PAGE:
Leaders must have the courage to say ‘enough is enough’ - it is the systems and processes which require review – don’t try fit care into a pre-determined process, ensure the process facilitates the best care for the patient. NHS leaders must care for staff and engage and listen to them and their day-to-day frustrations and work with them to transform the systems and culture.
What have you been doing to develop you organisation?
Success is rarely due to one or two individuals. Success is always due to all of us working towards a common purpose and in our Trust it is our patients
We have transformed our Trust by working with our staff and creating a culture of staff happiness and staff engagement.
In 2011 staff feedback was poor, hence the Trust Board and CEO decided to implement ‘Listening into Action’ (LiA). With the help of staff we defined our values, defined our culture and reorganised our divisional structure. Our staff defined the behaviours they expect from their managers and leaders. We also implemented robust governance and accountability for all and appointed values based leaders and managers.
Today with the help of our staff, we have transformed the Trust. For example:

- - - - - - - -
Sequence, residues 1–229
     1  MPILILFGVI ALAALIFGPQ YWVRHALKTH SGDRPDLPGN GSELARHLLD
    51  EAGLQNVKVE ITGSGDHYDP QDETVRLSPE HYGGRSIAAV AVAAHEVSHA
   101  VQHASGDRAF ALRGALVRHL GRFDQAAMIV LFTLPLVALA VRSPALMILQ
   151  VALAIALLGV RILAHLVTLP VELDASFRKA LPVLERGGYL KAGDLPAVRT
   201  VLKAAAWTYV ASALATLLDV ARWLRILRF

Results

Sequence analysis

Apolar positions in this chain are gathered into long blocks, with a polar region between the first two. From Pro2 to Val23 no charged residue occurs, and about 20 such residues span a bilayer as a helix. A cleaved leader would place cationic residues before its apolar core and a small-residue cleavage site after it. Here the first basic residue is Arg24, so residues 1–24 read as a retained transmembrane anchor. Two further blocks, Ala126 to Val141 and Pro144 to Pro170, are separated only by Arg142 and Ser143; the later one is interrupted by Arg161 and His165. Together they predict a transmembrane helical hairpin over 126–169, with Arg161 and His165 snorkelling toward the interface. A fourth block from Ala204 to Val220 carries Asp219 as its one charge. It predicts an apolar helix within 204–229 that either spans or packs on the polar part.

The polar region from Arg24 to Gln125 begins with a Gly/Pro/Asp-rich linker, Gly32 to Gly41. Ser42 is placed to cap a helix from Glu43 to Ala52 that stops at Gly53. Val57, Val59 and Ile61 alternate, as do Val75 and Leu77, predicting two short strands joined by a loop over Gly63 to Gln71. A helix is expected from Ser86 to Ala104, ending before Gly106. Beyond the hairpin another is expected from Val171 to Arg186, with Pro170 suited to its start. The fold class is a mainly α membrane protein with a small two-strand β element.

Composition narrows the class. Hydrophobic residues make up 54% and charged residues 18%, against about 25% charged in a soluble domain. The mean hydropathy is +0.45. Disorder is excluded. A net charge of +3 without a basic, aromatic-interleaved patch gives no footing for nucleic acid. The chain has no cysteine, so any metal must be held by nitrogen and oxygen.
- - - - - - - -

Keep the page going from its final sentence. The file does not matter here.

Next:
- Each year 450 less patients die in our Trust
- We are within the top 10% for most quality measurements
- We have achieved an 90% reduction in patient harm
- The Trust has received many awards
- Staff feedback has improved - the Trust is 4th best place to work in the country
If you could create a great leader for the NHS from a composite of people, who would you choose and which quality of theirs would you use?
Mahatma Gandhi, Nelson Mandela, Martin Luther King Jr, Mother Teresa and Florence Nightingale would be my choice of leaders. Mahatma Gandhi inspired the whole of India and achieved India’s independence without any violence. Nelson Mandela was able to forgive without lasting bitterness, people who imprisoned him for many years. Florence Nightingale genuinely cared for patients. Martin Luther King Jr fought against slavery and was an amazing orator. Mother Teresa cared for very poor and vulnerable children and people in slums of India.
But essentially, they were all kind, caring, compassionate and courageous leaders. They were all ordinary people who did ordinary things in an extra-ordinary way. They all did what they believed to be the right thing to do for fellow human beings. They conquered the world with sheer love for fellow human beings and did the right thing right. NHS does have many wonderful leaders and one has to look at the leadership of well performing Trusts and CCGs. Important for NHS is to make sure that all Board leaders are appointed not simply for their technical skills but also for their values and leadership skills. All senior leaders and managers must be role models for their staff so that staff feel motivated, inspired and do their best for their patients. Happy staff – Happy patients. NHS must make sure there is a culture of staff happiness, staff engagement where all staff feel an integral part of their organisation and NHS.
For me this is what true leadership is about.